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Old 04-26-2011, 02:36 AM   #57
Lee Crockett
Dojo: Chichester
Location: Portsmouth
Join Date: Nov 2007
Posts: 56
United Kingdom
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Re: Are we really doing O'Senseis Aikido?

A lot of interesting comments on the thread, but my point in the initial thread has become more apparent in the discussion.

As I stated, the original students of O’Sensei, after he died, all went off and started teaching their own interpretation of what O’Sensei had disseminated.

All except M. Saito, who stated repeatedly that his focus on training was to preserve the techniques the founder had left in their form before the founder died.

This training, preserved today in Iwama, is hard strong Kotai training, for which M. Saito was told that all students were to train in this way until 3rd Dan before Jutai, Ekitai and Kitai training which focuses more on Kokyu Royku,

Even on this thread we have had statements how this sort of training would be boring and that it wouldn’t attract many students. And that is true. Students today want to throw people around to take large ukemi, using momentum and strength rather than focus on the basics found in Kotai.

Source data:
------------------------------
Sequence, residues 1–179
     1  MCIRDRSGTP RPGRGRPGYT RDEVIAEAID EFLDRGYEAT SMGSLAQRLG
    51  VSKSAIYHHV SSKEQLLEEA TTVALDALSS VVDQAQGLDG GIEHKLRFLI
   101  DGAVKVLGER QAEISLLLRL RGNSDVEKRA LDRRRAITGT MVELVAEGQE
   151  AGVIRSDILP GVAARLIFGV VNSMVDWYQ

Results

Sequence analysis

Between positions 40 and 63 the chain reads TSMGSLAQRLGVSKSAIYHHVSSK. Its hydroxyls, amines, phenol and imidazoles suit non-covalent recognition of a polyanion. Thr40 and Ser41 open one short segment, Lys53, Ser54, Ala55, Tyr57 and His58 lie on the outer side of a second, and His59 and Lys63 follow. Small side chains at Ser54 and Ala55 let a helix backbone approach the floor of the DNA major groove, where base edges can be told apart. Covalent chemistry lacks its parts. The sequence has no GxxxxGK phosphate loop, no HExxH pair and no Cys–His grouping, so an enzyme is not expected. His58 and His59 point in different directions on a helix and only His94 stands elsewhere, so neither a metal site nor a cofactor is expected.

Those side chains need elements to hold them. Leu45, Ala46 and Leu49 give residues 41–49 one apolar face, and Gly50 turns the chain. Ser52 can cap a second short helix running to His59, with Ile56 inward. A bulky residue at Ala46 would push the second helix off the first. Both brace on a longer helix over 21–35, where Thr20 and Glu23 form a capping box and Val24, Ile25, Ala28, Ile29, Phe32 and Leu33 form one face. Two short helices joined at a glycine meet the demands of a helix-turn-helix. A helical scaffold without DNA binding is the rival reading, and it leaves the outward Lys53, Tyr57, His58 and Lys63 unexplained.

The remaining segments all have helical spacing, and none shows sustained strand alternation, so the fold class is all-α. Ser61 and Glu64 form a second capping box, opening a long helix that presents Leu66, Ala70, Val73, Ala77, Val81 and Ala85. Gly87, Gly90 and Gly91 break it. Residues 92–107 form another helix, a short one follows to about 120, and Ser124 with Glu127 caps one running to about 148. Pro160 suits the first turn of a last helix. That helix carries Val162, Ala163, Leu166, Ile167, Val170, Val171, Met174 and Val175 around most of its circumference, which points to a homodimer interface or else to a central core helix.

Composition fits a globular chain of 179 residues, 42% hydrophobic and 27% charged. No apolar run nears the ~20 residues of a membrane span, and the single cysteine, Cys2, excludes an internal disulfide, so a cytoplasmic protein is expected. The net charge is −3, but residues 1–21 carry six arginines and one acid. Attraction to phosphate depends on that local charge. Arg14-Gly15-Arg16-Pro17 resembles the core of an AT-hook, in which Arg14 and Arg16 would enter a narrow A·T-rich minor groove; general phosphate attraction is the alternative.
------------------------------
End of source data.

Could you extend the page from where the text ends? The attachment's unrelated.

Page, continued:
And here we have the essence of my point. This type of hard, solid training was CHANGED by the first Doshu into the training we see today, where movement is made before any contact.

There has been reference to the fact that movement is blending, well im sorry, but this is not the blending that the likes of Kanshu. Sunadomari are on about.

This type of blending takes control of Uke totally, resulting in the combination of Tori and Ukes Centre.

I know from my own training that moving before a contact does not result in the blending of centres. It might make a contact at the contact point, but it does not take TOTAL control of Ukes centre.

This can only be achieved by solid Kotai training.

If you cannot take total control of Ukes centre, then you cannot throw that person.

Anyone who has trained with me will tell you I am a total sceptic about things working. I have to FEEL them work before I believe them. I am quite strong but more significantly very stiff. 99% of students cannot even do basic techniques on me. And I don’t mean I deliberately oppose the movement, I apply neutral strength.

But my instructor, no matter how strong I hold, or the strongest members of the club, he does the techniques effortlessly. It’s not muscle on muscle, its soft, blending and taijitsu, some of which I am now starting to develop myself.

This is what I believe the Founders Aikido to be, and this is what I want to pursue. But let’s not kid ourselves that which is being promoted today is the Founders Aikido.

It is a derivation from the fist Doshu.

It’s nice to know that others share the same goal too.
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